The Fox in the Chicken Coop

The Fox in the Chicken Coop (Hebrew: השועל בלול התרנגולות‎, Ha Shu'al B'Lul Hatarnegolot) is a 1978 Israeli film directed by Ephraim Kishon, based on Kishon's satirical book of the same name.[1] It features many prominent Israeli actors of the time, most notably Shaike Ophir and Sefi Rivlin. The film takes a satirical, comic look at the old generation of Israeli politicians. The film was Kishon's last film and was considered a failure.[2]

The Fox in the Chicken Coop
Directed byEphraim Kishon
Written byEphraim Kishon
Produced byEphraim Kishon
Itzik Kol
CinematographyDavid Gurfinkel
Edited byHadassa Shani
Music byNurit Hirsch
Release date
Running time
90 minutes


Amitz Dolniker, an aging Israeli Parliament member known for his high-winded babbling and tireless lecturing, is told he needs to take a break from politics after he collapses during a speech. Fainting, he starts out on a dream trip to spend some weeks in a far-away, backward Israeli village that has little contact with civilization. The farmers’ bucolic and carefree life repels him at first (and especially the fact that they have never heard of him), but then he decides to introduce some “order” to the innocent society. As none of the villagers agree to become the village head (they don't want the trouble), Dolniker hires a local horse and buggy and puts it at the service of the village barber, declaring him village head “de facto”. The barber objects at first, but as he becomes used to the perks that come along with the position, his grip on power tightens. This leads to a rivalry with other villagers (especially the cobbler) who think themselves equally worthy of becoming the village head (with free horse-and-buggy, of course), which is what Dolniker has expected. He suggests an election to determine the leader. The result, however, bears no resemblance to the orderly political process he is used to, and Dolniker finds himself entangled in silly power struggles, taxes imposed on 3-door closets, corruption, petty bureaucracy, and a ruination of the simple way of life the village once knew. Dolniker comes back to his senses, mildly laughing about himself.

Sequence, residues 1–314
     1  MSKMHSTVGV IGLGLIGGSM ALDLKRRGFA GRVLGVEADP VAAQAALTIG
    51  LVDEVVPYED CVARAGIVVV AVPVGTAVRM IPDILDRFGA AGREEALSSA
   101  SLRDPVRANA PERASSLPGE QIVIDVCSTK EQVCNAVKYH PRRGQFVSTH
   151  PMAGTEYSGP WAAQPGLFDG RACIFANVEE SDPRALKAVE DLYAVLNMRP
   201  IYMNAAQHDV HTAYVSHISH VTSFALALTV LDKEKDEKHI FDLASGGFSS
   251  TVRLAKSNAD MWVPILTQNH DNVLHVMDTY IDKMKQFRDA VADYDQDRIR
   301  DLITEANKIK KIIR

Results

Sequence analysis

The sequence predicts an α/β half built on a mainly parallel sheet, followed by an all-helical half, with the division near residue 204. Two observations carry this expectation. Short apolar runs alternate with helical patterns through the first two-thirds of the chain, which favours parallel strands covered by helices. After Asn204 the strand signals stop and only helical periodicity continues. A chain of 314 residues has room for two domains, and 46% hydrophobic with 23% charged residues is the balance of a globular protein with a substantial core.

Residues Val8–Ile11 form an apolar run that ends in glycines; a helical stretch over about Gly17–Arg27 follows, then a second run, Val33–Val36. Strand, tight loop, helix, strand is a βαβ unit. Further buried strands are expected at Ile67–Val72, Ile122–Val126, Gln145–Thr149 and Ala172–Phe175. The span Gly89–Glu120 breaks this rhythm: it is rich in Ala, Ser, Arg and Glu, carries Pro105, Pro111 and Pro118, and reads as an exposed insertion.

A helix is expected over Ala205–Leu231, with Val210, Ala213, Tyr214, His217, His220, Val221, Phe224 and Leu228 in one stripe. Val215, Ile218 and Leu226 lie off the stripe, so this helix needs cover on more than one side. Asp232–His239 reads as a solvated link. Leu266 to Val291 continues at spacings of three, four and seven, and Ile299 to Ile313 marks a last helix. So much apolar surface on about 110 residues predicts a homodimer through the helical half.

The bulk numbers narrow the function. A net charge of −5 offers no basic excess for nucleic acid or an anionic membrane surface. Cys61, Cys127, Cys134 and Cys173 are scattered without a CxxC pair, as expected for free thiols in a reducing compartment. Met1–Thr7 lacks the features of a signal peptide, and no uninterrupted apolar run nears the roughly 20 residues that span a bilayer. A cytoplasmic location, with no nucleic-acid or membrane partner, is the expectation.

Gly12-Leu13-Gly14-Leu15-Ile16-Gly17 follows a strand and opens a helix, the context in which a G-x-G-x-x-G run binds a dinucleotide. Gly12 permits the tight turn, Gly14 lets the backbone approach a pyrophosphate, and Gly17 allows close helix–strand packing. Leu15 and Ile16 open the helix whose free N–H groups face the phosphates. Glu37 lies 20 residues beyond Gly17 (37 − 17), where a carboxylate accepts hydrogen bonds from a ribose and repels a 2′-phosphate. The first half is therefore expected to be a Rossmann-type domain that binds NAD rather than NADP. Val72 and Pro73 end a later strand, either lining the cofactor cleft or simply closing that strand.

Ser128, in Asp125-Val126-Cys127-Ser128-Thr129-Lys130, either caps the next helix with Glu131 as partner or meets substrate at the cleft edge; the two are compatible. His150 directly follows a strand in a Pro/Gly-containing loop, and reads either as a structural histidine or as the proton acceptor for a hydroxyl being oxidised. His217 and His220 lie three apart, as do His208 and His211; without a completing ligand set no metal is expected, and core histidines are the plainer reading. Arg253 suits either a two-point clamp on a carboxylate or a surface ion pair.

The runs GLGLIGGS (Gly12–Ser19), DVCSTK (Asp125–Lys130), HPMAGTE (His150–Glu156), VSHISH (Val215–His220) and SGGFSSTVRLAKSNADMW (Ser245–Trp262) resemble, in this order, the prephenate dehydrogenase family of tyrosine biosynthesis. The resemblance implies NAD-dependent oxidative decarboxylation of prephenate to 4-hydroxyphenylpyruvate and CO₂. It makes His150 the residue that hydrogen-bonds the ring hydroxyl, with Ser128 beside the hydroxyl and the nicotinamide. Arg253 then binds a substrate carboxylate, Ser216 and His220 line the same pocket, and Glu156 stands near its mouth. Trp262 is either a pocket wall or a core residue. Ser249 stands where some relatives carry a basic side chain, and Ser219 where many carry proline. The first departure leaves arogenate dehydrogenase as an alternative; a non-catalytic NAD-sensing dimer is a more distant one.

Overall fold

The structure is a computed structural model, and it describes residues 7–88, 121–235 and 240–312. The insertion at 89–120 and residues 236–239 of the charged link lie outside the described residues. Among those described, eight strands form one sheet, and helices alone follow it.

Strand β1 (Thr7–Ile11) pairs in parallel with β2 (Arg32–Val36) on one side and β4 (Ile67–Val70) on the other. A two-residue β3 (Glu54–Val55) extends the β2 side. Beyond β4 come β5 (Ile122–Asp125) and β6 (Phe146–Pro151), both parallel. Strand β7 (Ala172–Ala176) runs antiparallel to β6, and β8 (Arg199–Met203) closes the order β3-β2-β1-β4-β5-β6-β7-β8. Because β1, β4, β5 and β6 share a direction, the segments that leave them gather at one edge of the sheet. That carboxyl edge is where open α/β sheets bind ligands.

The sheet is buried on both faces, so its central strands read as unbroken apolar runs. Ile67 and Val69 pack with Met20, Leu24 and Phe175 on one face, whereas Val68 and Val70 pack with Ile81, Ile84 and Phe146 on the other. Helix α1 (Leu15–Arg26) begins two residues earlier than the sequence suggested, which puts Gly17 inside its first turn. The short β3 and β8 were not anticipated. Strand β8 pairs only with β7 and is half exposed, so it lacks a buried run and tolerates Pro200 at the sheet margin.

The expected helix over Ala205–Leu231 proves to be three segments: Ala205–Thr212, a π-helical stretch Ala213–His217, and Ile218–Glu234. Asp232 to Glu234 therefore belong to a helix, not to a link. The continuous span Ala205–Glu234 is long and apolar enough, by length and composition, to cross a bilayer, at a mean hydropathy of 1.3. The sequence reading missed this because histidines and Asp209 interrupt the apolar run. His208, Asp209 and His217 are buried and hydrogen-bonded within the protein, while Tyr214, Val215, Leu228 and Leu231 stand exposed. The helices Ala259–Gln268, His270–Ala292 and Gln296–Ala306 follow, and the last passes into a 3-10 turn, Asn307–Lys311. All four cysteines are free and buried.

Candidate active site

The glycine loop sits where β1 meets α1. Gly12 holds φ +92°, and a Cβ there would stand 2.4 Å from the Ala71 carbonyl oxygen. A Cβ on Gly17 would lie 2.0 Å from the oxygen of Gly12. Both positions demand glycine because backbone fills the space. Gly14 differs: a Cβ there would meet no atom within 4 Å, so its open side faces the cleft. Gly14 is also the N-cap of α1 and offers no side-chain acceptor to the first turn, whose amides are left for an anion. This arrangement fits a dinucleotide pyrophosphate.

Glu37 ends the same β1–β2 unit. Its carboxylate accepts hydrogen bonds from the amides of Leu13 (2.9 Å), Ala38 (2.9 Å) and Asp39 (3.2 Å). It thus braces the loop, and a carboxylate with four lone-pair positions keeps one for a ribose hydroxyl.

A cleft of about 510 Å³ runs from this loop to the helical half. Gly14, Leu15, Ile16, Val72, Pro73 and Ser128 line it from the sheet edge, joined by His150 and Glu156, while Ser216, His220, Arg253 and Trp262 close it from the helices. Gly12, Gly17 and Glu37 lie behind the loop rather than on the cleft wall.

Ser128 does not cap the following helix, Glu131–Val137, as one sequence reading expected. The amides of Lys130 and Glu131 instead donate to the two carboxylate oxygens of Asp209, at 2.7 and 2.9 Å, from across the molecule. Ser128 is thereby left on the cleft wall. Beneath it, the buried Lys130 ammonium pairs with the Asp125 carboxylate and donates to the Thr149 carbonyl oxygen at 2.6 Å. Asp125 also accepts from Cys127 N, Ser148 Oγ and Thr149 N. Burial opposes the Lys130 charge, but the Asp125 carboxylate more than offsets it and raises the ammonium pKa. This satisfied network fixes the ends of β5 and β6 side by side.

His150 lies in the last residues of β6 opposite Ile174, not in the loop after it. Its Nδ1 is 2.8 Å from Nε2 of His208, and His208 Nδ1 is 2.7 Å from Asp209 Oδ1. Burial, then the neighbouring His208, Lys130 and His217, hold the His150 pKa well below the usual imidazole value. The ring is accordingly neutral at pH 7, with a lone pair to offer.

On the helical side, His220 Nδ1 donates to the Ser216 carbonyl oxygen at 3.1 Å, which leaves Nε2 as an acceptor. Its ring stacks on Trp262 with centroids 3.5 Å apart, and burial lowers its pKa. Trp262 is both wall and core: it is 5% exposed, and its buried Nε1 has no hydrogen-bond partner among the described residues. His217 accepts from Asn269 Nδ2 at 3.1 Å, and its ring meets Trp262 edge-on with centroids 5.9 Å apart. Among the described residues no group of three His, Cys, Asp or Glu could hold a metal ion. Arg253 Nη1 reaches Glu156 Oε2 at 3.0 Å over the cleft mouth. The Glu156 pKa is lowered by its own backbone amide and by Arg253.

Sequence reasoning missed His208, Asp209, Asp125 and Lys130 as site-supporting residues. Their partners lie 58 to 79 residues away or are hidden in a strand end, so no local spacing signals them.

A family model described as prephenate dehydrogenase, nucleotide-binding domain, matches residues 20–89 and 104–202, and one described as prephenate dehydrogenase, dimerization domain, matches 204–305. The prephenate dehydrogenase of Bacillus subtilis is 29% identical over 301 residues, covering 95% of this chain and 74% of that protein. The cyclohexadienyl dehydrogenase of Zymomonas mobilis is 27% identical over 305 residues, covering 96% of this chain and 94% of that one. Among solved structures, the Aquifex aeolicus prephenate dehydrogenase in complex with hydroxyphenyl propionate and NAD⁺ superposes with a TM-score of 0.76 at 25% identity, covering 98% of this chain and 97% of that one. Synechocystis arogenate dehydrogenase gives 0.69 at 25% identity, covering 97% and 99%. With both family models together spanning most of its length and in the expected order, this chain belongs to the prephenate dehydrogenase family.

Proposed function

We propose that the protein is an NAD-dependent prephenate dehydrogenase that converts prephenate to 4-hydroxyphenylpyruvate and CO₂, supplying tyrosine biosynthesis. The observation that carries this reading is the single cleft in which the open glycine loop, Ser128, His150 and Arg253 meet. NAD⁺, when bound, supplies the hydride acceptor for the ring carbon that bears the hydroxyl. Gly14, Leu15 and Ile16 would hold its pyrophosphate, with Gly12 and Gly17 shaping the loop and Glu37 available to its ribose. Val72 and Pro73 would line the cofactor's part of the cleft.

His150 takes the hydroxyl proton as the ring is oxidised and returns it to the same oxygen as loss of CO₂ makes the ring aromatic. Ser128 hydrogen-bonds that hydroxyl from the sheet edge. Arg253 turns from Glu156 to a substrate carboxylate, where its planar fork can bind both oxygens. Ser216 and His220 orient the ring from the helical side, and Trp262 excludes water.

1. ^ "The Fox in the Chicken Coop". Israeli Films. Retrieved 2022-10-11.
  2. ^ Leaman, Oliver (2003-12-16). Companion Encyclopedia of Middle Eastern and North African Film. Routledge. ISBN 978-1-134-66251-7.